Archie Gittes

Melrose, Massachusetts, 1903 − Boston, 1991

He studied at the Chicago Institute of Fine Arts, the Museum School of Boston and the School of Fine Arts and Crafts, also in Boston, where he was taught by Charles Hopkinson (1869-1962), a painter who specialised in the portrait genre. Thanks to a scholarship from the Boston school, in 1929 he travelled to Europe, visiting the main museums of France, Italy and London. At the end of this year, he settled in Paris and attended the Colarossi and Grande-Chaumier schools, where he further deepened his study of the figure and the nude.

His works are associated to the classicist tradition, based on realism, reflecting affinities with “return to order” values as a reaction to the Modernist movement. He took part in a collective exhibition of American artists in the Salon d’Automne, Paris (1930). In 1932, Gittes came to Mallorca with his wife, the composer Cicely Foster, sister of the wife of Mallorcan artist Juli Ramis, and for seventeen years he resided in Génova, Palma and Deià. This period on the island – the most productive of his life – includes his activity focussed on the genres of landscape, the portrait and the nude, which made a great impact on the puritanical Mallorca of the post-war era. Nevertheless, he was accepted both by critics and in academic spheres, and he became part of the Mallorcan artistic world.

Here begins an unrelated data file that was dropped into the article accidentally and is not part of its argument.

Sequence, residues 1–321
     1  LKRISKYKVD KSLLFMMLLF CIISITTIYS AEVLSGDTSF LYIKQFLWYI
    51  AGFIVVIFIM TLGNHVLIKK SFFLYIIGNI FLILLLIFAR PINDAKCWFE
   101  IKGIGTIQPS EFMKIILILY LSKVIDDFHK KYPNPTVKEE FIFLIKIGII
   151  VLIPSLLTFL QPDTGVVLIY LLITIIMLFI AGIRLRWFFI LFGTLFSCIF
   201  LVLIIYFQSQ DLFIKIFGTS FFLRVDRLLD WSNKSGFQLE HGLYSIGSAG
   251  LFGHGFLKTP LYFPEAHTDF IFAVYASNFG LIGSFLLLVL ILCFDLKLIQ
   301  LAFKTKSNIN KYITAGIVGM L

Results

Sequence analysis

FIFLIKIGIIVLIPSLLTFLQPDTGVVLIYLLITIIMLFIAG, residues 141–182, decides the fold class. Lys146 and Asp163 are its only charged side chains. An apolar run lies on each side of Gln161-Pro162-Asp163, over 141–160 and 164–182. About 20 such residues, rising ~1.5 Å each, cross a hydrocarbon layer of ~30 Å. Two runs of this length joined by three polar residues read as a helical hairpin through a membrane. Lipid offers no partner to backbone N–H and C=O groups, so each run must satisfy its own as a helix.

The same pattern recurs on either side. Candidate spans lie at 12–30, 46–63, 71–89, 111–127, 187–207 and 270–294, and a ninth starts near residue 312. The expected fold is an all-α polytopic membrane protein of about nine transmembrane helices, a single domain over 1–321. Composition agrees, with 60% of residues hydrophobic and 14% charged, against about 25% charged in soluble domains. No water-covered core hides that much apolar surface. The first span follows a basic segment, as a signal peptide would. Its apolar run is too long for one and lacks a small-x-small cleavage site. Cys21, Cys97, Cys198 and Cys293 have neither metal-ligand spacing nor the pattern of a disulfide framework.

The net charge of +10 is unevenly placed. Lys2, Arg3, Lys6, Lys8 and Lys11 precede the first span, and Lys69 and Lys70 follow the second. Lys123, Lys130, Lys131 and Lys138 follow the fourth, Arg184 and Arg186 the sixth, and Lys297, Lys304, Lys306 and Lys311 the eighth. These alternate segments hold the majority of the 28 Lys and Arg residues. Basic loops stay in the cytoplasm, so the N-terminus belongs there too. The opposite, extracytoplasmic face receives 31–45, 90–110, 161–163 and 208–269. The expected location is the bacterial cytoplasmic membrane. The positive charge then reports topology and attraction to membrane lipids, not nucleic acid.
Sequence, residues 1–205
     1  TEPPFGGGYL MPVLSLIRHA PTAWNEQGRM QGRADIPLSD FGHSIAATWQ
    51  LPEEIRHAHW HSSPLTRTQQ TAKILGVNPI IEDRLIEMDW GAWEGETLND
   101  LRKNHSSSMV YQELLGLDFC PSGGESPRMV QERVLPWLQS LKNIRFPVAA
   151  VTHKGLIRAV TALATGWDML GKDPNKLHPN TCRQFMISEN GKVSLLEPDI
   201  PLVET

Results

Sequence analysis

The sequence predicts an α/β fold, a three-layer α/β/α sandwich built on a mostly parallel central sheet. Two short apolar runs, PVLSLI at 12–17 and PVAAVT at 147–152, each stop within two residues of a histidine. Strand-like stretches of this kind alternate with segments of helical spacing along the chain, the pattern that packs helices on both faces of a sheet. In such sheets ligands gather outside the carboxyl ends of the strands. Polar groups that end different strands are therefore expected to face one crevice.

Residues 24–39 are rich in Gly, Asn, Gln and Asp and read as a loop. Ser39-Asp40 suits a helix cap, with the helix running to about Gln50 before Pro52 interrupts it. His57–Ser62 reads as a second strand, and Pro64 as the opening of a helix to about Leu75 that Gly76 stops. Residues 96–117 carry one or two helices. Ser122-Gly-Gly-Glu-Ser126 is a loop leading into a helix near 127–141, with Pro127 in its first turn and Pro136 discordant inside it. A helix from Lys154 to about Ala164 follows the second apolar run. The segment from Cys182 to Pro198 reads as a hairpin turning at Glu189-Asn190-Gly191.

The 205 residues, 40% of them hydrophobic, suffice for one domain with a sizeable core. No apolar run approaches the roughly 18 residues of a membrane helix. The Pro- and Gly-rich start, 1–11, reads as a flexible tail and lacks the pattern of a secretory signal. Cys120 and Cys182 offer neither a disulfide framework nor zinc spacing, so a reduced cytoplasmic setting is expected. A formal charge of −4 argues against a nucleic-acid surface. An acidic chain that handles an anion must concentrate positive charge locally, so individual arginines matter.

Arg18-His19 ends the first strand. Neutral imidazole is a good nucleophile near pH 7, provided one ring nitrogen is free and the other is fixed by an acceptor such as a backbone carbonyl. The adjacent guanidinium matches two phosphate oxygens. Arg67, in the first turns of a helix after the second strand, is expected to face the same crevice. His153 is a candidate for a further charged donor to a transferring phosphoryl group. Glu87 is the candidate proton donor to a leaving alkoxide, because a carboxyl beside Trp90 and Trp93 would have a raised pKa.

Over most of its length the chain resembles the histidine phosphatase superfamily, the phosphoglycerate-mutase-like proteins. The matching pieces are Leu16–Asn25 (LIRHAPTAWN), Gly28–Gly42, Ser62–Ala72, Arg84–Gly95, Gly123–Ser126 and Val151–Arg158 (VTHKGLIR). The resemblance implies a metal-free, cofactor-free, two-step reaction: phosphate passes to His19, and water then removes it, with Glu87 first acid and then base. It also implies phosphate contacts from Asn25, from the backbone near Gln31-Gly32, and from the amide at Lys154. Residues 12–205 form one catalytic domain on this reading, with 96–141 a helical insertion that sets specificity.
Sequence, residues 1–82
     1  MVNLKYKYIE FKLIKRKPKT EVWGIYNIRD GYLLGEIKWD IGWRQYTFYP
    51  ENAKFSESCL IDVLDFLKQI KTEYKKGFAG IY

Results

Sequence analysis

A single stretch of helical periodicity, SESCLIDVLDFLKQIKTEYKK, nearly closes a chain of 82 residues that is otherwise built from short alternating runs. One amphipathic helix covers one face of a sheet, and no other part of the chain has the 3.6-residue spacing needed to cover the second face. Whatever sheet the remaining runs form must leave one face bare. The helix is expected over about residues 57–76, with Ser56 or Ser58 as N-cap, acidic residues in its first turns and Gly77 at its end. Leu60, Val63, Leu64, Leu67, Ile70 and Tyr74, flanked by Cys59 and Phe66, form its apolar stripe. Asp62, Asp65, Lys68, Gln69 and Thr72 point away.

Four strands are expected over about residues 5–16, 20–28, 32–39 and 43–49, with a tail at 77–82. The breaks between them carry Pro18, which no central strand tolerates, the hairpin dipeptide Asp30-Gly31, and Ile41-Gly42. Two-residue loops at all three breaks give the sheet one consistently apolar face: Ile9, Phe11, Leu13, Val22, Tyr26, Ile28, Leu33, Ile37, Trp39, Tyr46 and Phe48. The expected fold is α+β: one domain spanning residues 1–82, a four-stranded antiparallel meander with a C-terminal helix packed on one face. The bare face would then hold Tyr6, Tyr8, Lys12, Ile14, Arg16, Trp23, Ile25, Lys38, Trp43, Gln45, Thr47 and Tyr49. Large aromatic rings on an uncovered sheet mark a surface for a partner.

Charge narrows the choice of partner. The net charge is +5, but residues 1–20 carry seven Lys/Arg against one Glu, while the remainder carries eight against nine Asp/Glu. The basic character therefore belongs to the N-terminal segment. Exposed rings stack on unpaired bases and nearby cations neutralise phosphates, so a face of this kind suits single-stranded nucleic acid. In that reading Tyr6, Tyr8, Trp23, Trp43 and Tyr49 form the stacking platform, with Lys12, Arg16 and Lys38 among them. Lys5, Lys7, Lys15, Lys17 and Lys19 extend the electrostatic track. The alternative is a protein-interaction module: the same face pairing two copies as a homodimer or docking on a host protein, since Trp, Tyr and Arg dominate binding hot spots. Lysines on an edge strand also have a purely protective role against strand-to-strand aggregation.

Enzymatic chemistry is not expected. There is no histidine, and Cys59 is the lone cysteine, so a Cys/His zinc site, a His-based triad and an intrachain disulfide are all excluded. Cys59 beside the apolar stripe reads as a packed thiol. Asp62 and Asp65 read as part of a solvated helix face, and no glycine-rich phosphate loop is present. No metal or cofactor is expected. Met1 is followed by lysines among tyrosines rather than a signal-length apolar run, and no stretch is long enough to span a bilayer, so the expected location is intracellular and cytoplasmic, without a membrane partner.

He exhibited for the first time in Mallorca in 1940, in the Galerías Costa, and later in the Círculo de Bellas Artes (1941) and the Galerías Quint (1946). During his Mallorcan period he was awarded several different prizes from the Círculo de Bellas Artes in Palma: an honourable mention for sculpture at the I Salón de Primavera (1941), first medal in the still life and landscape section at the II Salón de Primavera (1942), first medal in landscape at the Salón de Otoño (1943), first medal in drawing and engraving at the III Salón de Otoño (1944), second medal in the III Salón de las Flores (1945). He returned to Boston in 1948 where he devoted himself to giving classes in the city’s school of fine arts. His links to Mallorca were maintained in subsequent years as a result of his trip to the island in 1967 and the retrospective exhibition organised in the Museu de Mallorca in 1987. His work forms part of the collections and museums such as the Ajuntament de Palma, Museu de Mallorca and “Sa Nostra”, Caixa de Balears, among others.